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What YOU Can Do to Advocate for ECE

Updated: Mar 28, 2019

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5 Myths About Preschool Teachers... and What You Can Do About It

A career in early childhood education can be really misunderstood by other professionals, friends and even family. It is a profession that is also grossly undervalued by society given the net social benefit that comes of it.  

Here are 5 misconceptions about preschool teachers and what you can do to change the perception.

Myth #1: Preschool teachers are just babysitters

Fact: 90% of our brain development as humans happens predominantly from the ages 0-5. Due to this, every waking moment of a child’s existence during their first 5 years is a learning opportunity. Even something as simple as sitting upright is a huge learning milestone for an infant!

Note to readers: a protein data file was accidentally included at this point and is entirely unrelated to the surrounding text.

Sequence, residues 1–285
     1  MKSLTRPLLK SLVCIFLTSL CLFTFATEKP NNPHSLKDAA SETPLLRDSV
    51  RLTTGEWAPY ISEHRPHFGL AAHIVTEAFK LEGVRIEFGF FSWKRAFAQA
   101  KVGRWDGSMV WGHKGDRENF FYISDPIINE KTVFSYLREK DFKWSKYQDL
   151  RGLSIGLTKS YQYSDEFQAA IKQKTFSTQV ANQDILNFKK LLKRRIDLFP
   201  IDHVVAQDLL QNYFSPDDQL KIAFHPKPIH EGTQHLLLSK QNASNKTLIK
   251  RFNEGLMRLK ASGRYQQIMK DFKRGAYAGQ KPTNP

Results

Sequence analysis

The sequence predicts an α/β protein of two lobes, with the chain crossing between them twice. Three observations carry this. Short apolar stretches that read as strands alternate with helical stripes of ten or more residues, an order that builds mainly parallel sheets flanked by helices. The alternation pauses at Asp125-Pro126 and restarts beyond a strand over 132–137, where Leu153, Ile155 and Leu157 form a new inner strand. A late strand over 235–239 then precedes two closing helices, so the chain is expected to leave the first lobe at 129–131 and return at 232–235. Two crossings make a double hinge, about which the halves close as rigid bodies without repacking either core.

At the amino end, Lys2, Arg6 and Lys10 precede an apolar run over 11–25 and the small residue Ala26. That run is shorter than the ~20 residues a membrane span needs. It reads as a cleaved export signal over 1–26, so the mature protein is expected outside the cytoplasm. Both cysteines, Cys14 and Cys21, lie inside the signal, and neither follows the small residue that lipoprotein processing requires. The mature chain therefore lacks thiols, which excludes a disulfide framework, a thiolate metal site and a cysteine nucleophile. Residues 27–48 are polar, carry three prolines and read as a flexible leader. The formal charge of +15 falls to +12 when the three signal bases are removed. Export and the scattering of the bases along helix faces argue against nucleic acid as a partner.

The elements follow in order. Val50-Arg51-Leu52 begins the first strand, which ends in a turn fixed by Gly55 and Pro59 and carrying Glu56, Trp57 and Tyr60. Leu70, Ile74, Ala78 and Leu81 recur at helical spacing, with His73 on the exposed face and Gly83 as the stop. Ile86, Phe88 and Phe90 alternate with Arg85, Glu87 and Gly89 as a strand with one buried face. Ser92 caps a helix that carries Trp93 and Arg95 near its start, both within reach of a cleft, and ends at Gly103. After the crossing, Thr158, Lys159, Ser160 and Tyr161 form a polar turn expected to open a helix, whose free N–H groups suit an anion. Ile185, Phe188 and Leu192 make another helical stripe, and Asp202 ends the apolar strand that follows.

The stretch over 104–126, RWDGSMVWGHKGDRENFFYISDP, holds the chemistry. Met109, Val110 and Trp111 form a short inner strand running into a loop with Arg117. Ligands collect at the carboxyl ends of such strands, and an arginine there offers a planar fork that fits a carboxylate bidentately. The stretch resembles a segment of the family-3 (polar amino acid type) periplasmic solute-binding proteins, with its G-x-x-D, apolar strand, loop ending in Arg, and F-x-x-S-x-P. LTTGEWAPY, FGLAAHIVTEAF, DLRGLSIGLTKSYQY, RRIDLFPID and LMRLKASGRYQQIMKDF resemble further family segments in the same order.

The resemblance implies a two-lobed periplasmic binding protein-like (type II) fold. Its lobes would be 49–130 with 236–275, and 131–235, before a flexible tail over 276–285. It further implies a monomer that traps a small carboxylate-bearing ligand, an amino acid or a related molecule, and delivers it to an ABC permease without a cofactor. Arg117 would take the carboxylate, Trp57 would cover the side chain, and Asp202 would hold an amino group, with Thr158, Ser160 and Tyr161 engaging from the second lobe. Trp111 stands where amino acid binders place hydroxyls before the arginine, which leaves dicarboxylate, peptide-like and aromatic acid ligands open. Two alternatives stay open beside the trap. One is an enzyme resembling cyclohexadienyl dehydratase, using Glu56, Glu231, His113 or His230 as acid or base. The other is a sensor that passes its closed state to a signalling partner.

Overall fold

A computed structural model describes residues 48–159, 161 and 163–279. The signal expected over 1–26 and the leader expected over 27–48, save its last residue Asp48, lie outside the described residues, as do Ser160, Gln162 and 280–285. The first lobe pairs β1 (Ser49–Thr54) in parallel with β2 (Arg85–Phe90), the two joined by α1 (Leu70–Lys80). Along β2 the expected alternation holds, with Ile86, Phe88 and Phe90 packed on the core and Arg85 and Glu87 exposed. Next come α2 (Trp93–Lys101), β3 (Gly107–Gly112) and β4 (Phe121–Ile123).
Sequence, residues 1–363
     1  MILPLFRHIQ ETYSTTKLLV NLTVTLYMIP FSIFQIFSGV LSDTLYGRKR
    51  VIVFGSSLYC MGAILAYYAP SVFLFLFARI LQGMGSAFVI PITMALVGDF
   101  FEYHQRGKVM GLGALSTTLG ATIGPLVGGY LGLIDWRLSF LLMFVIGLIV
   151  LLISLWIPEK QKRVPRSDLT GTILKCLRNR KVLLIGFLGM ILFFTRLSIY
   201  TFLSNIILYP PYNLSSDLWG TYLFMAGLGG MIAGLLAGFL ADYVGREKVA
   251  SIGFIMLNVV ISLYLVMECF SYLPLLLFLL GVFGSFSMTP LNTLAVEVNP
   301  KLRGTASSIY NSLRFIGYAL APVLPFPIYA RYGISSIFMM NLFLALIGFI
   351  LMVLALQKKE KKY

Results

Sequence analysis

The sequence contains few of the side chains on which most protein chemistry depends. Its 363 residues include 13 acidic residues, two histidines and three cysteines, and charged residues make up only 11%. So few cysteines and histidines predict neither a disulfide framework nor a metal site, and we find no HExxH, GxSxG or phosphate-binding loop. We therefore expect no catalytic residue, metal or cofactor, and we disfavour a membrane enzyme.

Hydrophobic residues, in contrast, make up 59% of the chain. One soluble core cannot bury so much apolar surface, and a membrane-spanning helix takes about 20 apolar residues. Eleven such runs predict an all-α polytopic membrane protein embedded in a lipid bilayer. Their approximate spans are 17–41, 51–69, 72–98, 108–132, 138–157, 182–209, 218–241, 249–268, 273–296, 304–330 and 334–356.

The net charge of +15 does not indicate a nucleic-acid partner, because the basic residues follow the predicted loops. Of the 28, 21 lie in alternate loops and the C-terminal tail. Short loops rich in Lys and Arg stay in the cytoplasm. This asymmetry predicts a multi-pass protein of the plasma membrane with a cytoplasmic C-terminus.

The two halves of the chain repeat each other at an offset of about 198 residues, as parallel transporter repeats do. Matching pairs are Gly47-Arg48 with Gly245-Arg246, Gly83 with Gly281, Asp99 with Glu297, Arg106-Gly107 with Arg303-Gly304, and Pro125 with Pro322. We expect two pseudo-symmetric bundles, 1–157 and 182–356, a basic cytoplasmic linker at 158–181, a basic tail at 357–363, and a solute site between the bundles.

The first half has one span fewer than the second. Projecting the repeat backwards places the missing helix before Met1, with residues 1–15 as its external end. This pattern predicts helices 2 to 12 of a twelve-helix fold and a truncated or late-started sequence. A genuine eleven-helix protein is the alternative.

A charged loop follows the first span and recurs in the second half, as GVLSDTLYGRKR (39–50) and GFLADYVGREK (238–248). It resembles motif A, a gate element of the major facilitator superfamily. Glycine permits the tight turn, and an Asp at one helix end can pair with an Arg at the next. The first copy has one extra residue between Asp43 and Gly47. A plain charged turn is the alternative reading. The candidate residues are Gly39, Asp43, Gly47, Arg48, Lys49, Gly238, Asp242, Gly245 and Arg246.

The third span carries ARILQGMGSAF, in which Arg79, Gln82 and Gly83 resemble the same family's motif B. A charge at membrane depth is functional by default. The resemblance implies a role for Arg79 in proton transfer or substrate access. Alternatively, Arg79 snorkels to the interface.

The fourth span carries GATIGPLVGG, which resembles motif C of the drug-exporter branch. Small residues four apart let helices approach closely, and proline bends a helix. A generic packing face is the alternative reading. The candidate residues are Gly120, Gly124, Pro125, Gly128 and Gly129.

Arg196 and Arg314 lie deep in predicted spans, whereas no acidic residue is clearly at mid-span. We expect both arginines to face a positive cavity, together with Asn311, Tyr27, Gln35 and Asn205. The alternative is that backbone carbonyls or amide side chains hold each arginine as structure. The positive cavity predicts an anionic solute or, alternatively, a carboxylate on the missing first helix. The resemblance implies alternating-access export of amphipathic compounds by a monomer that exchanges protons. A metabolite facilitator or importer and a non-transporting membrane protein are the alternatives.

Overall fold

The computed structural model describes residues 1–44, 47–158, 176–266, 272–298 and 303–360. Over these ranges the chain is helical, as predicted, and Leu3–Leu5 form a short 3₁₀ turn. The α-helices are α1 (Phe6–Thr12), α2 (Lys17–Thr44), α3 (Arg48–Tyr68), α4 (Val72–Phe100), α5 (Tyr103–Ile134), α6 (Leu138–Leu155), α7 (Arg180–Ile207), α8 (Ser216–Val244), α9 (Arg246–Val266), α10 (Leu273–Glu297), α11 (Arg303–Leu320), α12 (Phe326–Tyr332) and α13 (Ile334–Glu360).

Early learning is traditionally divided into 5 main developmental domains: social, emotional, physical, communication and cognition. Further to these main areas of growth, there are different education philosophies and curricula that different centers follow: Montessori, emergent, Reggio and Waldorf (to name a few).   

All these factors, on top of the basic requirement of keeping children safe and happy, are the things that childcare professionals have to take into account in their daily work. This is much more than simply “watching” children or babysitting in the conventional sense that it is understood by society.